"Anything that can operate outside the context of a Turing machine can usurp said machine."
If the operation allows it to modify the instructions of the Turing machine then obviously, just by replacing the instructions with a different set. If the operation allows it to modify the input tape of the Turing machine then the same statement can hold in a strict sense: print your program a long way away from the input on the Turing machine and the machine won't see it, so it won't be erased or run. Otherwise it's an obvious no for an arbitrary machine: the machine that does nothing at all is a perfectly good machine, and cannot be hacked.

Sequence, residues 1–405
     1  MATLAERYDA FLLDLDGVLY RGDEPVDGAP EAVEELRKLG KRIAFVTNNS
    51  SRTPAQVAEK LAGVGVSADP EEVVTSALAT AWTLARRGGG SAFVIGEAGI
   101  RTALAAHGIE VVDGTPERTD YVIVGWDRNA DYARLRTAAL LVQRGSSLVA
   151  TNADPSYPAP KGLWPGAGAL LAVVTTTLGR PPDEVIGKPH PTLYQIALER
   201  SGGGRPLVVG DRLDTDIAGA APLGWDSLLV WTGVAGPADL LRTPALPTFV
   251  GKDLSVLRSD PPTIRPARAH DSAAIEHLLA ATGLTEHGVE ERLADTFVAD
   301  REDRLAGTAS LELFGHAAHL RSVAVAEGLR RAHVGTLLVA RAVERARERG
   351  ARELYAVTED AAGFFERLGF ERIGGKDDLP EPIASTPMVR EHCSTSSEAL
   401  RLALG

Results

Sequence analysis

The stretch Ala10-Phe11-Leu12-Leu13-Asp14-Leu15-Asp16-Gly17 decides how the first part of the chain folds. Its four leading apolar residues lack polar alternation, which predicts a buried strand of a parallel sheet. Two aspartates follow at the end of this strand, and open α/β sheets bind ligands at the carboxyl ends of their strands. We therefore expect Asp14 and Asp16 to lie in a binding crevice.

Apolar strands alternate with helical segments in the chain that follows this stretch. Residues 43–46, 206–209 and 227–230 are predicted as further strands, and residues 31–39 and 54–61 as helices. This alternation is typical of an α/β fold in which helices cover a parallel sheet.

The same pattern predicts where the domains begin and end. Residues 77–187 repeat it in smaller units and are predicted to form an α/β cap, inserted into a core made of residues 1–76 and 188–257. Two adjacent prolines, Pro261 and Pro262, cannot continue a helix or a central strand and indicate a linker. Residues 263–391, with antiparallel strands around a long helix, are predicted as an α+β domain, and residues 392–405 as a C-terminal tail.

If you want to force the Turing machine to run arbitrary code, then we'll need a universal Turing machine for that, rather than a Turing machine. Then if you modify the tape, of course you are modifying the program as run into the machine's memory, so again you can do whatever you want.
But if you leave the program alone and just alter the input then no, you cannot force an arbitrary Turing machine to do your bidding.